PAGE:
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In the Obama Moment: Rick Moody
In the Obama Moment: Rick Moody
The novelist Rick Moody is one measure of what has changed. He has been known as a generational figure, the “wrathful” child of the fiction he grew up reading, “striking a blow,” as he puts it in conversation, for the children of John Updike’s Rabbit Angstrom. “Rabbit treats his children so despicably, you know, and the kids in the Cheever books don’t get off so well either.”
Rick Moody has lived 40 of his 47 years in the peculiar public and private distemper that Rick Perlstein calls “Nixonland.” But early in the new year, within a month or so of the Obama inauguration, Rick Moody will become a father for the first time in his life — his own proof that we can all grow up sooner or later, that perspectives can shift.
My prejudice in this conversation, and the next one with Robert Coover, is that “novelists get there first,” in their feeling for what’s developing. We touch here on comic novels, the publishing meltdown, Moody’s own musical ambitions with his modernist folk band, Barack Obama’s Dreams from My Father, what’s missing in blogs, and “white guys from Connecticut.”
I live in Brooklyn now, and I’ll give you two examples of what I see — totally anecdotal — as a beginning of a change of attitude in my city. The first was right after 911. I was just coming back from Washington about a day and a half later. I was riding the subway, and there was a bi-racial couple sitting across from me, a Jamaican guy of African descent and his white girlfriend. And the Jamaican guy was singing softly to himself, and as they were getting up to get off the train, the guy got up, walked across the aisle to me, and kissed me — for no reason. I was just sitting there. Everybody in this whole car was thinking — this is the B train, and it’s going to go over the Manhattan Bridge right past the smoking remains of the Trade Center buildings. It was all people were thinking about, but what they were thinking about at the moment was: this stuff that was taking place in this city for 30 years prior to this moment can’t be sustained. We can’t keep living like this — you know, at one another, red in tooth and claw about our differences and our violent distaste for one another.
The second thing I’d say was the night of the election, in Brooklyn. It was unbelievable. It made New Year’s Eve look like a dry run. It really was all these people feeling optimism and tremendous relief that we didn’t have to play out this ‘I’ve got more money than you’ and ‘Fuck you!’ Maybe that’s done for a while.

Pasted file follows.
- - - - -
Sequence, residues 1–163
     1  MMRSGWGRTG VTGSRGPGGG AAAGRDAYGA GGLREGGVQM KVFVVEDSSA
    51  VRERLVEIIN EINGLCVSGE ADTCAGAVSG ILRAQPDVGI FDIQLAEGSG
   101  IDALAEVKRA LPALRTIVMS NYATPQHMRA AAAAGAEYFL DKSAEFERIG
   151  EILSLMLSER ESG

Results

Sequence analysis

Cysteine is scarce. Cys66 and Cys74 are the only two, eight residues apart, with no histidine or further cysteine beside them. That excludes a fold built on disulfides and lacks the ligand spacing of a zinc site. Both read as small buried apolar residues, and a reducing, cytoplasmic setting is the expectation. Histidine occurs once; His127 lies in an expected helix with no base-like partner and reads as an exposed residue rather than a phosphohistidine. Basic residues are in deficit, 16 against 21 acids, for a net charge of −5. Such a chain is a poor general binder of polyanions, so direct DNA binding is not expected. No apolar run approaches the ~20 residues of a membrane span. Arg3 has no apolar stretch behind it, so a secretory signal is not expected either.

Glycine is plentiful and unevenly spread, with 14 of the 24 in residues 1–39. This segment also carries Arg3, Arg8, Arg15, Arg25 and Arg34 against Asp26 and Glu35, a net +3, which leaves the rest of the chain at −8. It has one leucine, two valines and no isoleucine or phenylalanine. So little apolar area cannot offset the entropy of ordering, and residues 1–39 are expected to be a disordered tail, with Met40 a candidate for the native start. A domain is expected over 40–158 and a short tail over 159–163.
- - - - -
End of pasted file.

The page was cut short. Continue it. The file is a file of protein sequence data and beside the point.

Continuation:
CL: I always thik of you, Rick Moody, as a child not only of so much fiction you’ve read, but of all the fictionists of the mid-century — son of Cheever, son of Updike, son of Mailer and Roth, or whatever. As you grow up and outgrow those emotions of childhood and the “wrath” that Thomas Pynchon celebrates in your work, what’s the next perspective?
RM: The truth is I’m about to have my first child in a couple of months. My wife is pregnant. In looking back at my career it’s really obvious to me that there was an intergenerational, Oedipal, parricidal rage undergirding a lot of those early books. I felt when I was writing The Ice Storm that I was striking a blow for Rabbit Angstrom’s children. That was uppermost in my mind. Rabbit treats his children so despicably, you know, and the kids in the Cheever books don’t get off so well either. They’re just chattel, just something to be moved around from story to story. So I felt like I wanted to say what it felt like to grow up with these Swinging Sixties parents and organizational men of the Fifties and Sixties…
CL: The ‘phallocrats,’ as David Foster Wallace called them.
RM: But I think that work is done. And Wallace is a good example, because I think with the publication of Infinite Jest in 1997, things really tilted around to my generation a little bit. It’s also true that we are now ineluctably middle-aged adults and our responsibility is to try to reflect more points of view and more kinds of psychology — the culture of the whole, if possible, from this vantage point that we have now. I can’t anymore just write about my generation or just about upper-middle-class white guys from the suburbs. I feel this may be an Obama perspective, this responsibility to try to have all kinds of characters in my work.